Ford dealers to pause EV program as company mulls over changes

Credit: Jim Farley | X

Ford has begun asking its dealerships to put a pause on making investments toward its electric vehicle (EV) certification program, until it’s able to discuss and make additional changes to the program at an upcoming meeting.

The automaker’s dealership council will host a meeting about the EV certification program in June, as detailed in a Tuesday report from Automotive News. During the meeting, the council plans to utilize recent feedback from a country-wide dealership tour from Ford CEO Jim Farley, in which the company sought individualized feedback from its retailer network.

“We don’t want them to make any decisions between now and the middle of June, when you can maybe have a more informed decision-making process based off what we work out with council in the next few weeks,” said Andrew Frick, Ford Blue President. “There’s a lot that we’ll be reviewing.”

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The recent tour included 11 meetings with around 1,000 different dealers, discussing several topics including the “rapidly changing EV market,” according to Frick. While he didn’t disclose specific changes to the plan, Frick said executives and the council were generally in agreement following the meetings.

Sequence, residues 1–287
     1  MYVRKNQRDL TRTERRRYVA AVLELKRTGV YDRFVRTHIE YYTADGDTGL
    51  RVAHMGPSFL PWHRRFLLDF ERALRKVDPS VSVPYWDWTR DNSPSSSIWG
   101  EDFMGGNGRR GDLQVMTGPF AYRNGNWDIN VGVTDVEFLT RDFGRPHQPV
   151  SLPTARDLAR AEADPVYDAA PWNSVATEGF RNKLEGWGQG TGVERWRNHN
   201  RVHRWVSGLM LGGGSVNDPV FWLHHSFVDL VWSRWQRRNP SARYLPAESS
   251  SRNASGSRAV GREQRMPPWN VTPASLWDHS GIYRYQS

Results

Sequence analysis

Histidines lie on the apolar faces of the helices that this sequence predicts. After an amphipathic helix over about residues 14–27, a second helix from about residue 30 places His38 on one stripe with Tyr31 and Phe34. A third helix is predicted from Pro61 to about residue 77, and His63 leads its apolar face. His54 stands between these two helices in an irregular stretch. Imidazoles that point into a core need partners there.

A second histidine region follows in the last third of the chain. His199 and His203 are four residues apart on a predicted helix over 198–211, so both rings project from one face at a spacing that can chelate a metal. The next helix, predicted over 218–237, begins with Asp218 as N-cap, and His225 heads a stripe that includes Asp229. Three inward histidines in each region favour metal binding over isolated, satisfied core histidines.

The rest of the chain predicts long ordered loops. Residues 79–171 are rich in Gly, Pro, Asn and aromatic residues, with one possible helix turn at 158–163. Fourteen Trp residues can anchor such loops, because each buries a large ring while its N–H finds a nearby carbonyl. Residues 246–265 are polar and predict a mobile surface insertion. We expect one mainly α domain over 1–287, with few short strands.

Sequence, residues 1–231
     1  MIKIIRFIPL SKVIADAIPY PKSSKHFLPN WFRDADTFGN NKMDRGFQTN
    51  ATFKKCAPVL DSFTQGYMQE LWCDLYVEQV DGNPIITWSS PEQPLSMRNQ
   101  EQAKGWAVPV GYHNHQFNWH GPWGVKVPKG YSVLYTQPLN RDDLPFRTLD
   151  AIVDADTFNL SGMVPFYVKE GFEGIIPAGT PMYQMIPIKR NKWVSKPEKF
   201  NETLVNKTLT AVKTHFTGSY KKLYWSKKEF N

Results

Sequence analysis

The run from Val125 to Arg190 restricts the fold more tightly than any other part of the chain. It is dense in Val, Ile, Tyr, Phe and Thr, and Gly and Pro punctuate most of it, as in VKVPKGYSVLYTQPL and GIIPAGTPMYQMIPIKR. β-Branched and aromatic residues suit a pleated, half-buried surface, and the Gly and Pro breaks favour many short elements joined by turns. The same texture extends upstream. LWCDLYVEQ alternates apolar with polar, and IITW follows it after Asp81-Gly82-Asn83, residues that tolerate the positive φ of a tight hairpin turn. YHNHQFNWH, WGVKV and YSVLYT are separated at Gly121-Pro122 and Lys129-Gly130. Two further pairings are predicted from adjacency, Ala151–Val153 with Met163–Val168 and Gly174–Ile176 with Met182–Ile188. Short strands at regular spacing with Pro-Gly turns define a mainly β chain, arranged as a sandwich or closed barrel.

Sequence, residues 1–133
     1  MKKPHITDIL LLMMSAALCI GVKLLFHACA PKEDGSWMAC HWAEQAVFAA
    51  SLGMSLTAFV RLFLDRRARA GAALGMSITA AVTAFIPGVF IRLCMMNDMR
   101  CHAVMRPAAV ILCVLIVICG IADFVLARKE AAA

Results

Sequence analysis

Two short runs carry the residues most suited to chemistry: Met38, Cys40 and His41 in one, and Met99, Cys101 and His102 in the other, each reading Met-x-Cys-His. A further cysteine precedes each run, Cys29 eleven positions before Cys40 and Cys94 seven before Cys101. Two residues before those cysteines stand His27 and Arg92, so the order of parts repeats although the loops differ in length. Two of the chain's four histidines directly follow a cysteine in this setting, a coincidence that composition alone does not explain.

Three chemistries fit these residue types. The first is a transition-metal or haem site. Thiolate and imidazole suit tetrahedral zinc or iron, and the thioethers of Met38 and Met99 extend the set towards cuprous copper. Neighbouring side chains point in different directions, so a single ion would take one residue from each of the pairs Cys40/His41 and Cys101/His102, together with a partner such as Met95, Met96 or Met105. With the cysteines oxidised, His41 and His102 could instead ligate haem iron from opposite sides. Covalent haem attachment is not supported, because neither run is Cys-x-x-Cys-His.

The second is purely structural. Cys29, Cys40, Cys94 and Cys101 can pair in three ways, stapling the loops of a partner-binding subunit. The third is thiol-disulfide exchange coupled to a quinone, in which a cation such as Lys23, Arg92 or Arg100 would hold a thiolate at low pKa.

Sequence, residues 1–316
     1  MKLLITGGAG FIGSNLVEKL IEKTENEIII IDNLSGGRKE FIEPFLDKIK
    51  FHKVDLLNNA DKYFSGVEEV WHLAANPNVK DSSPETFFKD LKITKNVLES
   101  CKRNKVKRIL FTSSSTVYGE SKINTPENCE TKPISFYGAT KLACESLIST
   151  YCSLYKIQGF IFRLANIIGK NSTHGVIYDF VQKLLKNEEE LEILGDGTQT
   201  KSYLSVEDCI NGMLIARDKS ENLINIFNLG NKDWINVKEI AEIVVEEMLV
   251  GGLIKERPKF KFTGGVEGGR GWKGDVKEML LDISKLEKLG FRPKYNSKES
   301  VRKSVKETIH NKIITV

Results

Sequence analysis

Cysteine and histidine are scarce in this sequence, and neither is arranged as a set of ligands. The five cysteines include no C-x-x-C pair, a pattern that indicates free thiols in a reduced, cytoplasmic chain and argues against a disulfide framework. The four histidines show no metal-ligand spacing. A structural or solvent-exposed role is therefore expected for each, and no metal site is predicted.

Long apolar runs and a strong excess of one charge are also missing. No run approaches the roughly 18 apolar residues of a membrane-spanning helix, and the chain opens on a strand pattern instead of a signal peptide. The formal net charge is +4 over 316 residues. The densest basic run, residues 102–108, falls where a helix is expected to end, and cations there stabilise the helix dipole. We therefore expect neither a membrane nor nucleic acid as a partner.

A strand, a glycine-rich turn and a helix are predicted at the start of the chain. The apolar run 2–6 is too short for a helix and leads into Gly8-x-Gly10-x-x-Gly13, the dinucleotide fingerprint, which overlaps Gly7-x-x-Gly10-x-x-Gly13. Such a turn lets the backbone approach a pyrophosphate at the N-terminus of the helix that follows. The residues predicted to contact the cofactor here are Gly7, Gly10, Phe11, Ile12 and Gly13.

The dealership meetings were also geared toward making communications better and aiding trust levels amidst the transition to EVs. Frick notes that around 93 percent of the dealers represented at the meetings departed feeling more confident in Ford’s brand going forward, according to an internal survey.

“I think we’re both pretty aligned on the process based on what we heard,” Frick added. “I expect to see some changes coming out of it.”

In addition to looking at the Ford EV certification program, Frick says the company will look at other areas of the business

“Our plans are really aimed at simplifying and reducing complexity,” Frick added. “We’re going to look at everything from floorplan assistance to our commitment to longer-term remote experiences, our Model e standards and Ford Credit policies.”

Ford has been struggling to make its EV arm profitable, with its recent financials showing that it lost over $100,000 per EV sold in the first quarter. Despite some slowed forecasts for this year, however, Ford says it’s still developing future EVs and it’s aiming for increased affordability for a rumored, next-gen electric pickup.

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Ford dealers to pause EV program as company mulls over changes
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